Then there was the pre season forecast. Every year based on previous escapements and spring smolt counts along with other scientific data the ADF+G makes an expensively researched forecast for most fisheries. For sport guys it helps set the season climate but for commercial guys the forecast helps processors, fisherman and the infrastructure prepare. It was in the mid 90's and the Kenai River Red run was estimated to be 3.1 million fish. By Kenai River standards this is so little that people talked of aid for the fisherman and economic hardship for the community. 13.1 million fish arrived which was a wonderful surprise, but, it leaves you wondering....did we just get the decimal point in the wrong place or what?

All of this leaves me reminded of a story a guy told me about the science of frogs. Somebody wanted to study how far frogs could jump. They laid a frog on the table next to a yard stick and yelled "jump", the frog jumped 4 feet. Then they snipped one leg off and yelled "jump", the frog jumped 3 feet. They repeated the process and the frog with 2 legs jumped 2 feet and with one leg one foot. So when they yelled " jump" to the legless frog and it didn't move it was obvious...frogs with no legs are deaf.

Monday, June 7, 2010


If the ageing process teaches us anything its that, perspective. My friend Gus here is holding a beautiful RainBow trout caught on my last day of employment. Gus is from Napa Ca. and when we met to fish there was no missing that he was slow on his feet and had difficulty getting in the boat. At 4 am two years ago he was hit head on by a drunk driver, it killed the driver and a passenger and nearly killed Gus. Two full years of convalescing and he's hanging out with his buddies and not the least concerned that fishing conditions are less than ideal. Perspective.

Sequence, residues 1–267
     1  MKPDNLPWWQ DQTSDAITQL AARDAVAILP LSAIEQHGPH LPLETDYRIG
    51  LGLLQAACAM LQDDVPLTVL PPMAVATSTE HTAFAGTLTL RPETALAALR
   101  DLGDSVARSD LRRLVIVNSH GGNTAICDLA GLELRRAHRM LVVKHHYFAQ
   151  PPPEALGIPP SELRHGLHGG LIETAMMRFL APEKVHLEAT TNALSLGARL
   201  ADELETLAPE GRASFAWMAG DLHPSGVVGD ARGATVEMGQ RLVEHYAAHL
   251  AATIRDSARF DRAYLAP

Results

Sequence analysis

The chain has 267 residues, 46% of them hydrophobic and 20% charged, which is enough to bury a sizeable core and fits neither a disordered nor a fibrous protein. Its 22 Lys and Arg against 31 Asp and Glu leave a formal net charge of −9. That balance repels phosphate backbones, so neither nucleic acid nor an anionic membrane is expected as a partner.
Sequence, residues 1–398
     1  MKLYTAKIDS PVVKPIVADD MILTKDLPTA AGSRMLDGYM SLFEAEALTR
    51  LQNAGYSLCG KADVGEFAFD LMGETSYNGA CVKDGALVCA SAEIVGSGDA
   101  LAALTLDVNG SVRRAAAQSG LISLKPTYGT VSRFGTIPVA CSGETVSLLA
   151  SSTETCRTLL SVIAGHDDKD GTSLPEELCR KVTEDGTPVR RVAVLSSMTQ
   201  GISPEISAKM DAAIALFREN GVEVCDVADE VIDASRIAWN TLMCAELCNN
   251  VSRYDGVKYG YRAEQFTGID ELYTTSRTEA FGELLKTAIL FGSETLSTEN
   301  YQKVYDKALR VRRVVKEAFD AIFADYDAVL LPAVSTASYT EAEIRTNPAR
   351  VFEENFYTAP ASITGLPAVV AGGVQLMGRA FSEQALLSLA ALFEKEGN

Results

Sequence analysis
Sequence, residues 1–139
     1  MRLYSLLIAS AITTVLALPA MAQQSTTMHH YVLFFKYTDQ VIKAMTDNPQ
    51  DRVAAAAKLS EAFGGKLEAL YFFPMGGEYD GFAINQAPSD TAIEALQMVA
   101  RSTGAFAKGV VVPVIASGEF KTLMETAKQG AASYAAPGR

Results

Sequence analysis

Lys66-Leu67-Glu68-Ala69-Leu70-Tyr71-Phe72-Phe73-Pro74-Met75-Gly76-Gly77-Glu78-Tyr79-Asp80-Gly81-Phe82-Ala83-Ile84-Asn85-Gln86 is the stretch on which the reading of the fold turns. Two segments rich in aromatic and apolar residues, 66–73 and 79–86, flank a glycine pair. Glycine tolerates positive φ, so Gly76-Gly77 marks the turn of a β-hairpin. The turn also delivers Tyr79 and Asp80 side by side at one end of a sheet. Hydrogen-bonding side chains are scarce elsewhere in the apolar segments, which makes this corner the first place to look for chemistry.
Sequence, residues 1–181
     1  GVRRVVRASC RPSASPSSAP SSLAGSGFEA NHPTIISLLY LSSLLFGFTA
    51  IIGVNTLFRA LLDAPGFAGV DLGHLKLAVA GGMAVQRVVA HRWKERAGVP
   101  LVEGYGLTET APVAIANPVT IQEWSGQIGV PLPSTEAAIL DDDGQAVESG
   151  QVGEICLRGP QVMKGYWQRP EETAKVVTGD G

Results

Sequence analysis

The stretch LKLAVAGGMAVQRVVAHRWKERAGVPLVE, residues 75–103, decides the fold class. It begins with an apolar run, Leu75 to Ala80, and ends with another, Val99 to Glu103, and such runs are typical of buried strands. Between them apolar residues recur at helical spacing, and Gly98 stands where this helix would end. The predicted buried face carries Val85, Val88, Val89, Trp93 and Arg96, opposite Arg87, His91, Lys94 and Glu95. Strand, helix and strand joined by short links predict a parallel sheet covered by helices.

That fish is gorgeous and looks suspiciously like a Steelhead that is not supposed to occur here at Mile 14. It just looks different than our football shaped and very spotted Kenai Rainbows. Also notice that big ol plug he jumped on, now that's a case of setting your goals high I'd say. That's one ambitious fish.

At 5 am Saturday morning we were at the Relay For Life fundraiser event for the American Cancer Society. We started being involved when we lost one of our girlfriends to Cancer a few years ago and MP's book club put together a team for the relay. As I'm walking this morning the spiritualism of it all kind of affected me. I got to realizing as I looked at the luminaries that have victims and survivors names on them that I was a pretty lucky guy. Perspective. I know lots of those names, lots. The first pic is of MP of course, she walked her tail off. For my part I find it easier to just spend an obscene amount of money on the booths.

The next few pics are the story. My friend Harry Gaines was a high profile fishing guide that help start this whole thing on the Kenai River. He was a genius promoter that loved to fish within 1/4 mile of his camp. Harry had a red Coca Cola sponsored boat and we'd tease him that everything in the boat was red except the fish box. When Harry came down with Pancreatic Cancer I was at the hospital and asked him if there was anything I could do. He said yes there was....just be his friend. Perspective.